Here’s What You Need to Know

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lowa House Republicans this month drafted House File 3 — a bill that places strict limits on the food items SNAP recipients could use to purchase their benefits — including white bread, fresh meats and sliced ​​cheese. Many believe the new law would place undue financial pressure on Iowa’s most vulnerable communities.

The bill, which was co-sponsored by 39 Republicans, would require SNAP recipients to have a more restrictive list of foods they can buy that would mirror those approved for the current program for women, babies and children (WIC) of the state. It would also require an asset limit for SNAP participants and Medicare beneficiaries would be required to work at least 20 hours per week to receive benefits.

House File 3 is facing significant resistance from state Democrats and hunger groups who say the bill will negatively impact those struggling with rising food costs and still reeling from pandemic-induced inflation and job losses.

“I’ve told Iowa state lawmakers that we have food banks and food pantries that are breaking records in terms of the number of people turning to them for help,” he said. said Luke Elzinga, president of the Iowa Hunger Coalition. a non-profit organization that advocates for fair food policies, tells TIME. “At the same time, the number of Iowans enrolled in SNAP is actually at its lowest level in 14 years.”

“It tells me that the state needs to do more to make sure SNAP is accessible to people facing food insecurity, and House File 3 seems to be moving in the opposite direction,” he adds.

Restrictions in the house file 3

SNAP, or the Supplemental Nutrition Assistance Program, is the largest federal program that helps low-income Americans afford food through fixed monthly budgets that they can redeem at grocery stores.

The restrictive list of foods offered in House File 3 is copied from the WIC, which was created to support motherhood and young child health. Some experts say the WIC plan is not suitable for all SNAP enrollees due to its wide range of demographics.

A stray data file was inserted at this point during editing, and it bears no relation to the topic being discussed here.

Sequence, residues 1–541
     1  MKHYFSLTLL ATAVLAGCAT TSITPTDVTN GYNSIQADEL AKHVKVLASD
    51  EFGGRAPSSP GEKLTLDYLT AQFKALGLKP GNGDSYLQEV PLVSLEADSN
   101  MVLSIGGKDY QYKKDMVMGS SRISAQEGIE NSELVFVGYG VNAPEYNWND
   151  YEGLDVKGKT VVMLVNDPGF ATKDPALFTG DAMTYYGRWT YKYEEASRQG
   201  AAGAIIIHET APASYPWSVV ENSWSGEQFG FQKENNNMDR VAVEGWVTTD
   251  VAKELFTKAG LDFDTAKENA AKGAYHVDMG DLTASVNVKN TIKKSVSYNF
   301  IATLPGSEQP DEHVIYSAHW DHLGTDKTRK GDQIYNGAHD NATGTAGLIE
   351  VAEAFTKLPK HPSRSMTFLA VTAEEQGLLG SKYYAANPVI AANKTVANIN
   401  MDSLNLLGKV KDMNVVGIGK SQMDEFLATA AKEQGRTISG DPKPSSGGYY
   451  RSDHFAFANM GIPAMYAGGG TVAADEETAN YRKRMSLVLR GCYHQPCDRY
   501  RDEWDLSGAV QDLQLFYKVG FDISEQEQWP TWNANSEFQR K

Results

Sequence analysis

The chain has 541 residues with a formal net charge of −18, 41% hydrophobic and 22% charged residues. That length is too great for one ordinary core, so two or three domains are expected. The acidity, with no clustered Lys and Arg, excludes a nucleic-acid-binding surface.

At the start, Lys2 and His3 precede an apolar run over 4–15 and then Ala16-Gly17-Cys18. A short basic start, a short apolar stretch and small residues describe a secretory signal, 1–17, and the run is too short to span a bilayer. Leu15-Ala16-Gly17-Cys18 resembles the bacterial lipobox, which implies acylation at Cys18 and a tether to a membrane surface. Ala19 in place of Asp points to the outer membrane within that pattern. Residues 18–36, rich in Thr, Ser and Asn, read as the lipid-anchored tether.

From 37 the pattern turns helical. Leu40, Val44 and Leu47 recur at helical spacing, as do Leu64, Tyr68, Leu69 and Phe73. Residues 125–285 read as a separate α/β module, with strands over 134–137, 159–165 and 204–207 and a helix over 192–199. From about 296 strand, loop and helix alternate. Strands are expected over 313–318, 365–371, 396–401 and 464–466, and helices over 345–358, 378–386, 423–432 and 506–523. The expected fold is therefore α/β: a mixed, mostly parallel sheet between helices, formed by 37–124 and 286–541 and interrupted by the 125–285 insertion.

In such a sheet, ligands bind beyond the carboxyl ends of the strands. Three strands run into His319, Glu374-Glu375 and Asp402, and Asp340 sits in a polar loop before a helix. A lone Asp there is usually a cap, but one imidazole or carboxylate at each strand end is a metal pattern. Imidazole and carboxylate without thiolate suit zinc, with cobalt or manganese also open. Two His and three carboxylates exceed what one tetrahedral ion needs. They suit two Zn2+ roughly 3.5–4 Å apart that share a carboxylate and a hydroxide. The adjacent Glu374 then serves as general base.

“If you’re pregnant, nursing, postpartum, an infant, or a child under five, you have very specific nutritional needs,” says Lauren Au, a nutrition professor at the University of California, Davis, who studies nutrition policy.

Au adds that SNAP “provides such a small amount of food funding.” As a supplementary nutritional aid, it is not designed to be a household’s only source of food, so it should not be treated as such by the policy.

WIC restrictions prevented Iowan SNAP recipients from purchasing things such as non-whole grains, fresh meats, spices, oils, canned fruits or vegetables, and other staples. from the kitchen.

“If you’re living in poverty and using a program — and there’s already so much stigma around SNAP — being told ‘we’re going to control what food you can get’ is incredibly detrimental to people’s mental health,” says Elzinga.

He says the restrictions don’t take into account food allergies, medical conditions requiring a specific diet, religious restrictions or cultural preferences. “I know a woman with an eating disorder who uses SNAP,” says Elzinga. He adds how a restrictive diet affects some people.

“You can get 100% whole wheat pasta, but not rice noodles. There is brown rice, but no white rice,” says Elzinga.

Wealth restrictions in House File 3 would mean that families who have between $2,750 and $4,250 in assets or savings would no longer be eligible for any benefits, which critics say discourages people from growing their savings. It would particularly affect households that own more than one car, which is common in rural areas where public transport is poor, and in large families.